It’s typical to depreciate these days the contrast between body and soul. Isn’t the Scriptural distinction, rather, between “spirit” and “flesh”? Doesn’t talk of a soul seem too close to the harmful dualism of Descartes? But one merit of the older way of speaking is that people could easily see that the soul is something we “have,” which we can be exhorted to take care of, just like any other possession.
What do I mean? Well, consider this. A human being is rightly defined as a unity of body and soul (just as in the Real Presence one finds the “body, blood, soul, and divinity” of Christ, CCC 382).
But when we die, our body surely does not survive right then. Only the soul survives. This soul, again, is not the entire human being; thus it is only a part. And in Christian wisdom we find that the life of the whole man now is understood as directed toward the guiding to safety, upon death, of this “part.”
Just consider some representative teachings in the Catechism. The soul is something we are endowed with. (CCC 1703) God immediately creates our soul and entrusts it to us. (CCC366) At death, “Each man receives his eternal retribution in his immortal soul at the very moment of his death.” (CCC 1022) Sanctifying grace specifically perfects the soul. (CCC 2000)
Classical philosophers used to distinguish between “external goods” such as wealth and “internal goods,” which included the body and the soul. Being a good banker for them would have meant trading external goods for internal, and goods of the body for those of the soul. Plato actually has Socrates speak in this way in the Phaedo. The Christian tradition is continuous with the classical tradition in this sense, not at odds with it.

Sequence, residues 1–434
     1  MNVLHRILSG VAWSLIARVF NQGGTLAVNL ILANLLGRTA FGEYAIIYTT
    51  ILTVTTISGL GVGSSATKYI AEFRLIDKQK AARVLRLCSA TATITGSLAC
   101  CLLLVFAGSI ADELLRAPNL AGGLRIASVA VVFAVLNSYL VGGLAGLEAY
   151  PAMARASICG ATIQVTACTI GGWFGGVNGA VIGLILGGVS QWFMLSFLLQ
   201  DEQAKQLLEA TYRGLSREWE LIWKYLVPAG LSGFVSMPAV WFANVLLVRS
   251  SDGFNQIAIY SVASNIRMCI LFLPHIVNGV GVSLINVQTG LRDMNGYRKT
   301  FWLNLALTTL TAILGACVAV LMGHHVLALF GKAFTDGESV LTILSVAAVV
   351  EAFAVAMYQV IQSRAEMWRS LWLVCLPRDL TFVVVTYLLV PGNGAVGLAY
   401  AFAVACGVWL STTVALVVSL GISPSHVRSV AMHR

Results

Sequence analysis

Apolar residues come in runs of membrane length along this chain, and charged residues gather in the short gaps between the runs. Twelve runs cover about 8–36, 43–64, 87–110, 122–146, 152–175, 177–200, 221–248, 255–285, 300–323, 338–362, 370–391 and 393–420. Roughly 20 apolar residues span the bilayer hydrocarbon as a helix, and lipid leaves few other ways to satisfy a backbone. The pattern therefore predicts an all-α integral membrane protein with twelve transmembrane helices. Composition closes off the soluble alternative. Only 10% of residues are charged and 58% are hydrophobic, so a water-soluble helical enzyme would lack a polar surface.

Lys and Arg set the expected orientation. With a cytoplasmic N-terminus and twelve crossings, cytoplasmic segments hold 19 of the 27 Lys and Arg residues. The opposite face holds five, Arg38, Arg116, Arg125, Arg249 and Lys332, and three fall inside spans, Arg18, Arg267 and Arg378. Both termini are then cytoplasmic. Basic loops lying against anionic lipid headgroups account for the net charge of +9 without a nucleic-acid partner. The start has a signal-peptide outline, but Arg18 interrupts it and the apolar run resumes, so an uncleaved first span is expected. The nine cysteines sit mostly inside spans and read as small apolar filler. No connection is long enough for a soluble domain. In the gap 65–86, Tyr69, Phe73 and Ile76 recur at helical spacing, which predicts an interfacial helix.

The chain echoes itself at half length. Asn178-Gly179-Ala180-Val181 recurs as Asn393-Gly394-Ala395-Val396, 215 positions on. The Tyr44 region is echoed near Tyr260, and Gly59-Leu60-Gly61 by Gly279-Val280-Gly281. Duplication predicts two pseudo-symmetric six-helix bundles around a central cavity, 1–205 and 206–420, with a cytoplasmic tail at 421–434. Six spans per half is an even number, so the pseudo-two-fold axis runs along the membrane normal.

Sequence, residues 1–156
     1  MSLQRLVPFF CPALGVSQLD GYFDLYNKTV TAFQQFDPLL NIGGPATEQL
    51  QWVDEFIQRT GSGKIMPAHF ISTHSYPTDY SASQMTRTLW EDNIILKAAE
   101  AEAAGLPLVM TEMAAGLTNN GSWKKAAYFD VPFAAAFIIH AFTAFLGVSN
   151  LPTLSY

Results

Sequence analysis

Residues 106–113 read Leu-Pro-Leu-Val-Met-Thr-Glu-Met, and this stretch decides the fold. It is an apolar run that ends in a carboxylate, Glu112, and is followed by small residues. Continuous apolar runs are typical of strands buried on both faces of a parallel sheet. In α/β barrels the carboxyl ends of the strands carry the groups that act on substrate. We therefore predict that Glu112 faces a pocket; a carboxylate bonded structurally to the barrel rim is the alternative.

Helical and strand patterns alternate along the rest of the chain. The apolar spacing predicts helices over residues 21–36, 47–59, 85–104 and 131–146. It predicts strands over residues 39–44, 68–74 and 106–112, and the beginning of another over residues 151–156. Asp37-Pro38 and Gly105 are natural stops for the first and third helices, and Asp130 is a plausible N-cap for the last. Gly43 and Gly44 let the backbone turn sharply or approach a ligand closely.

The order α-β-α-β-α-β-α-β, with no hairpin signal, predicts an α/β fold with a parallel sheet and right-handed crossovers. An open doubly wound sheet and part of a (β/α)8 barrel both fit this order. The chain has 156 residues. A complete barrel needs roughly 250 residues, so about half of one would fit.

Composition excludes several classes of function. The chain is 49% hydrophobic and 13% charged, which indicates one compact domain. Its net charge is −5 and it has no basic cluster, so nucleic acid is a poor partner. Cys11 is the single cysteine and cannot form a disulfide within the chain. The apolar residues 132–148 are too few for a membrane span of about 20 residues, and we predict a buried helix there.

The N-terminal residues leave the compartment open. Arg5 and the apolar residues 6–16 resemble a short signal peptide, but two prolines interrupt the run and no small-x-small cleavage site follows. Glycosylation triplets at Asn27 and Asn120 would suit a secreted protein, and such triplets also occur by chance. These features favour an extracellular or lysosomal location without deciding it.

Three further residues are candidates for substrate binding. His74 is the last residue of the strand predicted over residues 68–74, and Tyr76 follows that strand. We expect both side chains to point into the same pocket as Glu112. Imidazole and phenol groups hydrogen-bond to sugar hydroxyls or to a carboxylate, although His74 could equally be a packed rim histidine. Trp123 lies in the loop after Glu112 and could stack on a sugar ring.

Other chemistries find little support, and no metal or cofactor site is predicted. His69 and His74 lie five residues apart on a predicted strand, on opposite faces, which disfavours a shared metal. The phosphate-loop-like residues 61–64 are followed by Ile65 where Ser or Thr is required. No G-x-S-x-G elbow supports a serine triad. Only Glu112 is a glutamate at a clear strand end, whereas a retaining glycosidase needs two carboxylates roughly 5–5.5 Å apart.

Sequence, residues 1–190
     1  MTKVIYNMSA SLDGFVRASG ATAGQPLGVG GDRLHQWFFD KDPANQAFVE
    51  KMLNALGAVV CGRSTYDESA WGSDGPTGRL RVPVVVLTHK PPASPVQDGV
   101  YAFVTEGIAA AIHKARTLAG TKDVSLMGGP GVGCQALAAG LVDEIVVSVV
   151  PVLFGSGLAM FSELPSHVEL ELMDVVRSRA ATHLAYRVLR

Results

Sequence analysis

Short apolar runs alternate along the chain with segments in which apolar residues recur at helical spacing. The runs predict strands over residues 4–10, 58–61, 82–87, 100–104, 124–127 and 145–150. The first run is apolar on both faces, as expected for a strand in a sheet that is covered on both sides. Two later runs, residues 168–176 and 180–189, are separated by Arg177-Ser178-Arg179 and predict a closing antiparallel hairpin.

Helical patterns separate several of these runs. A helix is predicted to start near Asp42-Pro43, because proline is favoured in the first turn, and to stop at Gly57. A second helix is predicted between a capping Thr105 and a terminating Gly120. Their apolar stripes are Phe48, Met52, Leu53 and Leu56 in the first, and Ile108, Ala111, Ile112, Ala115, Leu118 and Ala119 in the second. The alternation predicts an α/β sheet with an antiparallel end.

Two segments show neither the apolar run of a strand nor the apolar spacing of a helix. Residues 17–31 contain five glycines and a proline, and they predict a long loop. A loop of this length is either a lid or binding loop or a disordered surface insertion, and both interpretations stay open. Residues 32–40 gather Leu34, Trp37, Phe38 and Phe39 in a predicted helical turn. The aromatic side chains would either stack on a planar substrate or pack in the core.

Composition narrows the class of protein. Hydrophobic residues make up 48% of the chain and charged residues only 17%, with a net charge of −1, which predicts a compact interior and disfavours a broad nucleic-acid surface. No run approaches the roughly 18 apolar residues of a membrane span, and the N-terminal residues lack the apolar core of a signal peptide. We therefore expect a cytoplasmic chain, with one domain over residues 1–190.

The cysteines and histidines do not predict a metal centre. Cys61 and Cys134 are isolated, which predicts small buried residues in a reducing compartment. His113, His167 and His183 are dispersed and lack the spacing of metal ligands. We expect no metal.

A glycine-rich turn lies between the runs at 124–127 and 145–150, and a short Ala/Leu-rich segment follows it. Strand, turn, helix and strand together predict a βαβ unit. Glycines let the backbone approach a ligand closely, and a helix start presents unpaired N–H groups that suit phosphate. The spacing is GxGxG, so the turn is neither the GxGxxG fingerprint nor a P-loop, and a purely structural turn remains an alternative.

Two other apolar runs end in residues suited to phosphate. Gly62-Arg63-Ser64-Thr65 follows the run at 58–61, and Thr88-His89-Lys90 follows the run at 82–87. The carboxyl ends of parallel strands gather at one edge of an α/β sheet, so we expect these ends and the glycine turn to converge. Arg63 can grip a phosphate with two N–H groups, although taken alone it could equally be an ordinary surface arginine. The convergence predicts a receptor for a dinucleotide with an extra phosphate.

The old reputation of Socrates is that he went around Athens telling his countrymen that they had souls and then asking them why they put so much care into making their bodies look good but no care at all into acquiring the virtues, which made their souls look good.
Can’t the same question be asked in Christian cities today? You wash your cars once a week: do you ever cleanse your soul in Confession? You exercise each day: do you pray even more frequently? You look for the best foods: do you take care to receive the manna come down from heaven? You keep adding to your retirement account: but what about your eternal account?
Have you invested only for short-term returns? Do you continue to hold, irrationally, poorly performing investments? Have you even learned how to recognize good investments? Have you been a good banker?
The Investor who created and saved your soul wants to know.
*Image: The Parable of the Talents by Herman Janz Muller, 1580 [Mooney Art Exhibit, Charles City Public Library, Iowa]
© 2019 The Catholic Thing. All rights reserved. For reprint rights, write to: firstname.lastname@example.orgThe Catholic Thing is a forum for intelligent Catholic commentary. Opinions expressed by writers are solely their own.
Michael Pakaluk, an Aristotle scholar and Ordinarius of the Pontifical Academy of St. Thomas Aquinas, is acting dean of the Busch School of Business at the Catholic University of America. He lives in Hyattsville, MD with his wife Catherine, also a professor at the Busch School, and their eight children. His latest book, on the Gospel of Mark, The Memoirs of St Peter, is now available from Regnery Gateway.